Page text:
I think it must be confusing for anyone new to the world of counseling and therapy and psychotherapy to make sense of these three terms. In Portland, Oregon where I practice, or anywhere in the U.S., the questions are basically the same. What is counseling? What is therapy or psychotherapy? Are they different? To understand these terms is not quite so hard as it seems.

When you decide to “get into therapy” or “find a counselor,” typically you’re looking for someone to talk with, often for an hour a week, on a regular basis and for a period of time ranging from a few months to a few years. This can vary, but I’m giving you an idea of what’s typical. So, if you’re looking to work with a therapist or counselor for awhile, what do you need to know about the various terms you will encounter?

There are at least two ways to look at the terms: one is based in common sense, and a basic understanding of language; the other is based in the way various state and other official groups regulate the profession of psychotherapy, and in how these groups decide to use and regulate the various terms.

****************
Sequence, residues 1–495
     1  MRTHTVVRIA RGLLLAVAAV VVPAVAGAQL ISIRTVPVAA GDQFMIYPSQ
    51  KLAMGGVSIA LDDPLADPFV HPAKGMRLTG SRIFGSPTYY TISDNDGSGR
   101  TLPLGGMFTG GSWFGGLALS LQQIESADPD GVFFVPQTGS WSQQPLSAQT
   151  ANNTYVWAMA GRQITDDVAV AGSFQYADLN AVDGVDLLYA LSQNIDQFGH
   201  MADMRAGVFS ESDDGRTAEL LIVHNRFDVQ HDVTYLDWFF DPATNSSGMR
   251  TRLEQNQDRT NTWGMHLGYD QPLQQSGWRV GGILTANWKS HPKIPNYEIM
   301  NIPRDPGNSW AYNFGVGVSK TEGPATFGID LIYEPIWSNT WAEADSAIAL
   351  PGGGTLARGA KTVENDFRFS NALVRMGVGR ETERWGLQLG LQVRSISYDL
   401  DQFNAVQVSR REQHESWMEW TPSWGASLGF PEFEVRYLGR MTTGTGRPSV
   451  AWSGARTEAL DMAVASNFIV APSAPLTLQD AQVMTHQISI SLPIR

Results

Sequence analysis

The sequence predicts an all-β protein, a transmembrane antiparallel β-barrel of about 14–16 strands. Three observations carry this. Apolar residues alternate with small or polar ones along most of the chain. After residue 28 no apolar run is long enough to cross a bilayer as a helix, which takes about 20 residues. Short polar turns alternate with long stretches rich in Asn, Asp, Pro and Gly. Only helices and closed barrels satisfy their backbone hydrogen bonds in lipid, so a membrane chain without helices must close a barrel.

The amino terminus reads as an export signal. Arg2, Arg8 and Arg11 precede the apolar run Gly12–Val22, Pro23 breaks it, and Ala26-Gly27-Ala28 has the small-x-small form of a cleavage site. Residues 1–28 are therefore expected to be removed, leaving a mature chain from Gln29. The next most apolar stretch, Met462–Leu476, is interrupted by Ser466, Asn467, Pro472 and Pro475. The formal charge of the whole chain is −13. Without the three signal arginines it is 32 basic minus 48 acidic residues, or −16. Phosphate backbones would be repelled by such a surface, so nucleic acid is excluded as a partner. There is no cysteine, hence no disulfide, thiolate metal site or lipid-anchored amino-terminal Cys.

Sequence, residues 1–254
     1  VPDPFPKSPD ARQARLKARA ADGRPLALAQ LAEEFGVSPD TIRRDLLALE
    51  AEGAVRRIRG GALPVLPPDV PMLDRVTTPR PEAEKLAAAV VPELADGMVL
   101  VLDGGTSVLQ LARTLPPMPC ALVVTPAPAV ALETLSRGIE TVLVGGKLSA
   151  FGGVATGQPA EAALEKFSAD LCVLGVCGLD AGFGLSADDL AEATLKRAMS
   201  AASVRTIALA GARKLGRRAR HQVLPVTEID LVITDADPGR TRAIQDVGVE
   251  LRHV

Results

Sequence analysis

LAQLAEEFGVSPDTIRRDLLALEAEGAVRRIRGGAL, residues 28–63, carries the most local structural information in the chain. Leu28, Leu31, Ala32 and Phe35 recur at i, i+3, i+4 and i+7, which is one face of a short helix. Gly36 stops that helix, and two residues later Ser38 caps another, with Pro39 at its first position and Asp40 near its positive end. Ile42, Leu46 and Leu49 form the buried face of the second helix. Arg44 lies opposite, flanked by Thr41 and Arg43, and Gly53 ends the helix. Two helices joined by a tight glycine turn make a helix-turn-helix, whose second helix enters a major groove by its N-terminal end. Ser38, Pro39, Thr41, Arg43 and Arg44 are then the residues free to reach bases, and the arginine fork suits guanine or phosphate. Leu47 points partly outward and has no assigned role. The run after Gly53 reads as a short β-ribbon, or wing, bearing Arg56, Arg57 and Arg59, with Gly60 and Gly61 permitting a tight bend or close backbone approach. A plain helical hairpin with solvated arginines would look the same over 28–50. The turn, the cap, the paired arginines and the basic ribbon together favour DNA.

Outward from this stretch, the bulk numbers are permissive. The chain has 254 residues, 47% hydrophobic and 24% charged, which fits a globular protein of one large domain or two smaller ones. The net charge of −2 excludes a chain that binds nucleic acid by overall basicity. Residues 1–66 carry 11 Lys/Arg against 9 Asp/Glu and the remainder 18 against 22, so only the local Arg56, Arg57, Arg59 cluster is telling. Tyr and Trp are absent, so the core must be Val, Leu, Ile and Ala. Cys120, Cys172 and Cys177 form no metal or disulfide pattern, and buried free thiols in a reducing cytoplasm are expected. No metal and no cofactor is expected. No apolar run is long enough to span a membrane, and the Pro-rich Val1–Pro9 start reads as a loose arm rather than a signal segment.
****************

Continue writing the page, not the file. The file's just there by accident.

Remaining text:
I’ll focus on the common sense version. This is according to me and is not an official view, though I think it’s pretty accurate.

Counseling and Counselor are common terms. To me they convey a more practical approach–helping to guide a client into strengths and away from negative ways of living. Some counselors seem to emphasize guidance and advice. But that’s not always the case, and often counseling is the same essential process as therapy or psychotherapy.